Nearly two-thirds of American families do not have enough money in savings to last them six weeks. The six-week rule of thumb is a new recommendation from the JPMorgan Chase Institute for how much to keep in the family savings account for emergencies. Saving the equivalent amount of take-home pay for that time period can help families cover expenses during events such as temporary unemployment, unexpected medical leave, or downturns in the economy.
JPMorgan Chase’s research institute used anonymous data from millions of checking accounts to determine the amount a family would need to get back on their feet after a financial emergency. Their updated six-week recommendation may come as a relief to many families, since the traditional guideline for recommended emergency savings is six months of pay.
In fact, investing too much of a family’s income into an emergency savings account can cost more in the long run. Not only will they lose out on maximizing other investment opportunities that will earn more over time, these overstuffed savings accounts could wind up losing value due to inflation.
That’s the good news. The bad news, however, is that the majority of families in the U.S. are still struggling to even keep six weeks of pay set aside. This financial difficulty that millions of families are facing comes despite all of the data which points to a booming economy. According to an analysis by MarketWatch, wages for the average worker are not increasing fast enough to keep up with the rapidly rising cost of living.
Few parents do it, but we need to talk to our kids about money.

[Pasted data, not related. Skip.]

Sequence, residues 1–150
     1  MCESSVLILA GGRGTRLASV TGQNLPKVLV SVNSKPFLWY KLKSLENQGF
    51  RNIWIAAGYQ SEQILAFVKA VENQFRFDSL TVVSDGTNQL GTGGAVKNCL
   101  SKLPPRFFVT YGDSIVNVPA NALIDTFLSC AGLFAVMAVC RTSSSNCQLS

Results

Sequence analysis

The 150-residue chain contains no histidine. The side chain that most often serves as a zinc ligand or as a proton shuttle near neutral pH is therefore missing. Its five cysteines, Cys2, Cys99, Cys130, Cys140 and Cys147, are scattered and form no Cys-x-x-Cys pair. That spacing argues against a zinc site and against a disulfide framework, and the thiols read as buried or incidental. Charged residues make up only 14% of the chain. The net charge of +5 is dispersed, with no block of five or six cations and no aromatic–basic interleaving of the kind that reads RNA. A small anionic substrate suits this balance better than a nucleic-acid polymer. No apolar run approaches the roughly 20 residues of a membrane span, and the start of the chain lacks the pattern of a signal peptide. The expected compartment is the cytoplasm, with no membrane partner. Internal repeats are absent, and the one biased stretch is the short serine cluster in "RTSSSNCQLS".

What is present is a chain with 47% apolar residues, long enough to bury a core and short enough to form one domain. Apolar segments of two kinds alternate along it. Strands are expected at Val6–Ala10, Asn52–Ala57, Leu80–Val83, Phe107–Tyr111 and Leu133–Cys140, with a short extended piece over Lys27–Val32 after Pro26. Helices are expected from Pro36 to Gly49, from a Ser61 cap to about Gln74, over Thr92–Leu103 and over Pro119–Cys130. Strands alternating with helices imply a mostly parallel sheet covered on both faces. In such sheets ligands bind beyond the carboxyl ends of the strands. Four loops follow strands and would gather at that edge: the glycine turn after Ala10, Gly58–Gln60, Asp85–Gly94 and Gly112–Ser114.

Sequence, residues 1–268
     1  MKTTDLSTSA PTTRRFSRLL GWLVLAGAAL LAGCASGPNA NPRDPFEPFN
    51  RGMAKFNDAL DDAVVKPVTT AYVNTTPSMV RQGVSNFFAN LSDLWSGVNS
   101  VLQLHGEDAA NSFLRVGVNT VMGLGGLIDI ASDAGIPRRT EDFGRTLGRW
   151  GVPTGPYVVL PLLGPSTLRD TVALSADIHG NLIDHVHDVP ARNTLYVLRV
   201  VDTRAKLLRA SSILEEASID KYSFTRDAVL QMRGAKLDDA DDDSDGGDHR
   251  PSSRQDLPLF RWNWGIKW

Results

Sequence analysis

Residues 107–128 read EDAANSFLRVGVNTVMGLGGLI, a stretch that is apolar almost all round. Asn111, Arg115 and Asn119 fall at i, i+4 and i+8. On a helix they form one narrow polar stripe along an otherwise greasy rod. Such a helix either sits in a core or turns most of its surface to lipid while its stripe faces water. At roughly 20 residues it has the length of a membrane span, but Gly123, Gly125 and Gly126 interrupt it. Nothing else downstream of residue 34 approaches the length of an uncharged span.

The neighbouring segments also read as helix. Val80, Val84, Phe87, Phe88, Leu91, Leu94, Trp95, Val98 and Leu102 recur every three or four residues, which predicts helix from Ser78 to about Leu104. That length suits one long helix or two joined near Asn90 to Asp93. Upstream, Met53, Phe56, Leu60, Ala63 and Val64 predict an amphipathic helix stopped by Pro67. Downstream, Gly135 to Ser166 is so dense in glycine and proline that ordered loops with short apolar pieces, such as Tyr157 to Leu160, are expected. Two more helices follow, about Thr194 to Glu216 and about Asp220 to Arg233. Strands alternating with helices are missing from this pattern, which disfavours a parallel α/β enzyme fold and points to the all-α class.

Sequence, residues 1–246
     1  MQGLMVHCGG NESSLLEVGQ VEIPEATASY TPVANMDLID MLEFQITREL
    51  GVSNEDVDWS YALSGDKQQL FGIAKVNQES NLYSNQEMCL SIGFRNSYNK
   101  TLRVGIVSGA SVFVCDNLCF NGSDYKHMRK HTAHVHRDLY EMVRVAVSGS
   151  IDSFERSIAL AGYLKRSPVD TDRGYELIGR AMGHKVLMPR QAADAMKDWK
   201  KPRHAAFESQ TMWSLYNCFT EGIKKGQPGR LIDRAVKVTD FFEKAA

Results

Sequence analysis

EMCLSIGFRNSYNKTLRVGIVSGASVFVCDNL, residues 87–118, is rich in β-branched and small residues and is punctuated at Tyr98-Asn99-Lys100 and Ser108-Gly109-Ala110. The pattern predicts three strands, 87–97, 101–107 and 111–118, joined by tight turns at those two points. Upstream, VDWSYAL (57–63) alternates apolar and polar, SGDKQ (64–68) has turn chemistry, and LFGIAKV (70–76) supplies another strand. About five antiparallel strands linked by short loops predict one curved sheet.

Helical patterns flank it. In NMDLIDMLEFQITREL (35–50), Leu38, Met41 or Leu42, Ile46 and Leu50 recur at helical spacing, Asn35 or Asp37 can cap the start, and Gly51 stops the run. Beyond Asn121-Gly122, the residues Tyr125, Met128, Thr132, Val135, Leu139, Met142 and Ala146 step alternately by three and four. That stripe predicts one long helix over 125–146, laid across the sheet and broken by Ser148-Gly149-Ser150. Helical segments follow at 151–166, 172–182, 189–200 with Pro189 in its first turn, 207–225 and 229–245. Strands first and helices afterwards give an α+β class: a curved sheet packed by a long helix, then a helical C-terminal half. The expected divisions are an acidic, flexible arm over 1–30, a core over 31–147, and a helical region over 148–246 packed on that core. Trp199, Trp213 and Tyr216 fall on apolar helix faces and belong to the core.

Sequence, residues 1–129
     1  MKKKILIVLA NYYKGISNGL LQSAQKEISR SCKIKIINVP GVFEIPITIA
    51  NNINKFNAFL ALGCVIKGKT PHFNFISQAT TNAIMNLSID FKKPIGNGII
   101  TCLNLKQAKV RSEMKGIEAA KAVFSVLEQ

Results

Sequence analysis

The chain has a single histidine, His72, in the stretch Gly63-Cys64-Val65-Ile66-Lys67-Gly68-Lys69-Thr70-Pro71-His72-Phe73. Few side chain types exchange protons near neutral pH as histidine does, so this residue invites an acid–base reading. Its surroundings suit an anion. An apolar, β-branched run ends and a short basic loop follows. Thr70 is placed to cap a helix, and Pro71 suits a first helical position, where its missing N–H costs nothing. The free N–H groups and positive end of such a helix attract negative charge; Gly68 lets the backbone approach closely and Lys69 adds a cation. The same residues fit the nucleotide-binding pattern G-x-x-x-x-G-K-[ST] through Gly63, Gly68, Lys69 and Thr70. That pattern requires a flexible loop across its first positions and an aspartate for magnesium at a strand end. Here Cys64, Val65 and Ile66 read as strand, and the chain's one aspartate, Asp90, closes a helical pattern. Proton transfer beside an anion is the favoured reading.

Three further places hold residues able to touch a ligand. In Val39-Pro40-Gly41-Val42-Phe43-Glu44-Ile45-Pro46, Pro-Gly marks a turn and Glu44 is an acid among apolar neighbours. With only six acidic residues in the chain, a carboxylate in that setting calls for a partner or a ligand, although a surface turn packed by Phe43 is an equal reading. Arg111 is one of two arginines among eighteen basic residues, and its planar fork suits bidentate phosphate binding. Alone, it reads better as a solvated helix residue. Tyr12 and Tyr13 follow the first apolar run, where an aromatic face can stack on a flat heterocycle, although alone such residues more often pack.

So what can families do to start protecting themselves from financial emergencies in the future? Family wealth coach Amy Castoro, CEO of The Williams Group, told the New York Times that she encourages parents to talk openly about the family finances with their kids.
Parents tend to avoid talking about money with their kids for plenty of reasons. Many parents feel they have precious little one-on-one time with their kids as it is, and are loathe to spend it talking about a subject that could be boring or uncomfortable. Some also feel guilt about not being able to have more money on hand, and others don’t feel they have a strong enough grasp of money themselves to teach their kids about it.
As tough as it might be to dive in, however, getting the conversation started is important. Lack of communication can lead to major disputes over the family savings later on. Plus, talking money with kids will encourage them to practice good financial habits as they grow up. A better, more open understanding of finances can also head off negative emotions arising from what might seem like uneven or unfair distribution of the funds the family does have, and can reduce stress around a shortage of cash and the uncertainty that brings.
Don’t know where to start? To begin with, frame day-to-day talks when money comes up from a position of strength and empowerment. That way, kids get the idea that finances are something you can control, rather than something that controls you. Psychotherapist Amy Morin advises on CNBC that parents should avoid phrases like “We’ll never afford that,” a common refrain from parents resisting their children’s pricey requests. Instead, she suggests telling your child what you might do to achieve that goal in the future — such as taking classes to help you get a raise, or adjusting priorities to make the new expense more affordable — or helping the child set up a savings plan so they can work towards purchasing it themselves. From there, People has a helpful guide for talking to kids about money, with tips for every age group.
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